Brant public high school teachers this week joined fellow members of the Ontario Secondary School Teachers’ Federation in stepping up their fight against Bill 115, otherwise known as the Putting Students First Act.
On Monday, Ontario public high school teachers and support staff – including those working within the Grand Erie District School Board – began a boycott of extracurricular activities. Rotating one-day strikes are also underway in parts of the province, which we should expect to eventually reach Brant if labour unrest between teachers and the province continues. And it seems it will considering the current state of affairs between teachers and the government.
The extracurricular boycott means any activities not related to curriculum that teachers help facilitate – including sports, school plays, clubs and field trips – are off for the time being. Sadly, it seems students can count themselves among the first to pay a price for this ongoing labour dispute.
Of greatest concern to the teachers’ union is the fact that Bill 115 – currently being challenged in the courts by education unions – will give the education minister the power to impose contracts on teachers and support staff. That, they say, is a blatant attack on cherished collective bargaining rights that all Ontarians should have a right to.
“I think students and parents and the community members will understand that if we are not vigilant and don’t fight for our rights, these rights can be taken away with a stroke of a pen,” Leslie Wolfe, executive officer for the provincial executive of the Ontario Secondary School Teachers’ Federation, told Brant News last week.
We agree, the power to impose a contract does seem heavy-handed, but we’d like to think there might be a better way to fight Bill 115 than taking away extracurricular activities that students rely on to remain active, learn and become engaged members of their school and wider communities. Keeping the fight in the courts, as Premier Dalton McGuinty has suggested, seems a good idea to us.
In this week’s Brant News, some local students facing the cancellation of high school sports, club meetings and events say they feel cheated by their teachers’ job action. But feeling cheated by the extracurricular boycott hasn’t turned many students against their teachers. Instead, groups of students rallied against Bill 115 – and in support of their teachers – in front of Brantford high schools this week. If it not for Bill 115, the students say, teachers would not be forced into withdrawing support to extracurricular activities.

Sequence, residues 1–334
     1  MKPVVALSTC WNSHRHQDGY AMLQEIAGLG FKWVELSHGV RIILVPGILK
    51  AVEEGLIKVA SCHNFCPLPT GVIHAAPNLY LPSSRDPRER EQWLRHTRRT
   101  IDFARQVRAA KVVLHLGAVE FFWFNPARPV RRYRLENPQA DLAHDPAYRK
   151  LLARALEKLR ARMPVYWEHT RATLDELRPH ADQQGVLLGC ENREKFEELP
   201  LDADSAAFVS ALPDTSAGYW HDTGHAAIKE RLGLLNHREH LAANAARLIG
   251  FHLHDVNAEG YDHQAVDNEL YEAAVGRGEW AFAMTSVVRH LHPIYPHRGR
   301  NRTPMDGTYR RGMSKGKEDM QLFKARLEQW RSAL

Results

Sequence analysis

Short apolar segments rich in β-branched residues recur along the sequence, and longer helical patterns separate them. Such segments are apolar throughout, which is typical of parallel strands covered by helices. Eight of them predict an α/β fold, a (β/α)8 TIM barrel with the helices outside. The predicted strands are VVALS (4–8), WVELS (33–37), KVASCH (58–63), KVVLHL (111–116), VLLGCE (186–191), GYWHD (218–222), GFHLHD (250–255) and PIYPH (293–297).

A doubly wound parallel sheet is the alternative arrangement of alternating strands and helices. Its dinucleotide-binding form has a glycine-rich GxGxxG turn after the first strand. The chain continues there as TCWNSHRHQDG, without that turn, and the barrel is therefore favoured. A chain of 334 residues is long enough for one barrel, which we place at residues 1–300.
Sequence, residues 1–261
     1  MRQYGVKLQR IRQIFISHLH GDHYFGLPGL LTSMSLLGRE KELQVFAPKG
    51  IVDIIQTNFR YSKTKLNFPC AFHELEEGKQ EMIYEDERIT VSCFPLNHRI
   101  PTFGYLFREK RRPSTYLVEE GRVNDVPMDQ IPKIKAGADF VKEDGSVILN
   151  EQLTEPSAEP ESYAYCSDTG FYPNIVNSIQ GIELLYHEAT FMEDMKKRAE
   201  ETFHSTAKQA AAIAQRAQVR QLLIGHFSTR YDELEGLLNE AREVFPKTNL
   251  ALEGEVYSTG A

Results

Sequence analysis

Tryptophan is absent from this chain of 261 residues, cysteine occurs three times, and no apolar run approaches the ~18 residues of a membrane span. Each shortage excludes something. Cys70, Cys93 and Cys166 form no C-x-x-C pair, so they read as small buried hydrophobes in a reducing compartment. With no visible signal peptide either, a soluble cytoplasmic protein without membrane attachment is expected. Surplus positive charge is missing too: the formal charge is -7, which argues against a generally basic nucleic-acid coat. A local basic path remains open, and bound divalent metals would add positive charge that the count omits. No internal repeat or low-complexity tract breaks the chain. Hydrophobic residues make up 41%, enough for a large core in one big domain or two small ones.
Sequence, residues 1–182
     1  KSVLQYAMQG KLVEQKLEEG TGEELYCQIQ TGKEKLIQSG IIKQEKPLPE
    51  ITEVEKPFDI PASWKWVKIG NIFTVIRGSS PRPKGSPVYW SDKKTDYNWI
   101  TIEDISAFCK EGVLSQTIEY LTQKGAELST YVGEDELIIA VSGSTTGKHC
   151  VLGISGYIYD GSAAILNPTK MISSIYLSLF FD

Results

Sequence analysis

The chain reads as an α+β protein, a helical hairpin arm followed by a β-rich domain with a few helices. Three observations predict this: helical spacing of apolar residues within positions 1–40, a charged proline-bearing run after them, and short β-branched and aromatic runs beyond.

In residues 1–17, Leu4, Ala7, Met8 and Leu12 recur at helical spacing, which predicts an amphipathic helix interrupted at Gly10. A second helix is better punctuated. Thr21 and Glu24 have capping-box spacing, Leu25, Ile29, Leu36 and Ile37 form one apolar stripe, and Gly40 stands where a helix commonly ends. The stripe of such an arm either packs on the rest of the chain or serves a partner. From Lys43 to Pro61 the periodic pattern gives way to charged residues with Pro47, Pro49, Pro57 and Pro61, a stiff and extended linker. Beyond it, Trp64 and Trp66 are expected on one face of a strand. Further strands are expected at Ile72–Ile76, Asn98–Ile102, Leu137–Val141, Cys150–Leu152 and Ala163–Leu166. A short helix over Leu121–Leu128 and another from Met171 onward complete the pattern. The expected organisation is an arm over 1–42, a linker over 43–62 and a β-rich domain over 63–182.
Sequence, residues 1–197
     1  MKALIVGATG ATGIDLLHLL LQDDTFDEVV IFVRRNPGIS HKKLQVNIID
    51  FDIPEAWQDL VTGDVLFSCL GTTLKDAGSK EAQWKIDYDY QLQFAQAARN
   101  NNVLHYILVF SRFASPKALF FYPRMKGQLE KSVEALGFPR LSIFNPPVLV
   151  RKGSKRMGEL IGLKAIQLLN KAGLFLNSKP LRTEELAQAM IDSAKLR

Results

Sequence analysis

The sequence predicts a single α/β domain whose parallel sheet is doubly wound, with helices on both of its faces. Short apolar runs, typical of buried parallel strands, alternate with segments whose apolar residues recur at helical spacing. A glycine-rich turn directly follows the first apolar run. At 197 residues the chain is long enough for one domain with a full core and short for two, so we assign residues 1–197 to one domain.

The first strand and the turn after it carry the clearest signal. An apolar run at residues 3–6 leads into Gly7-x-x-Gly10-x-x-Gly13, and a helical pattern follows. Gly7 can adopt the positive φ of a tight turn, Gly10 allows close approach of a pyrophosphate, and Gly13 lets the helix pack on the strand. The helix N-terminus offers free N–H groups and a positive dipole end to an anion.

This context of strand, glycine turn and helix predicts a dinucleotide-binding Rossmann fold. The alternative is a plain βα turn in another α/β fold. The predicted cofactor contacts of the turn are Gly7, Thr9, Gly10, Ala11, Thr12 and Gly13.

“It’s about standing up for ourselves and our staff and administration,” said Grade 10 BCI student Travis Swift. “I want to see a change. I don’t want to see this bill go into effect and affect our teachers and us. We want to take a stand and stop this from happening.”
North Park student athlete Courtney Lukawiecki said her fellow students are “pretty upset” about the way the labour dispute is unfolding.
“We are all trying to keep up with the news because we don’t want to be one-sided and get mad,” she said. “So we are trying to be understanding of it and get past that. And then we all are just hoping that we can get back on the court.”
We, too, want to see local high school athletes back on the court, local high school actors back on the stage and members of local high school clubs making a difference in their communities. But with the teachers’ union and provincial government both seemingly entrenched in their positions, we’re not confident that will happen anytime soon. And that’s a shame because Ontario students are caught in the middle.
Considering its impact on students, it’s time for the teachers’ union and provincial government to resolve this dispute. Because things getting worse before they get better would certainly not be in anyone’s best interest, especially Ontario’s students.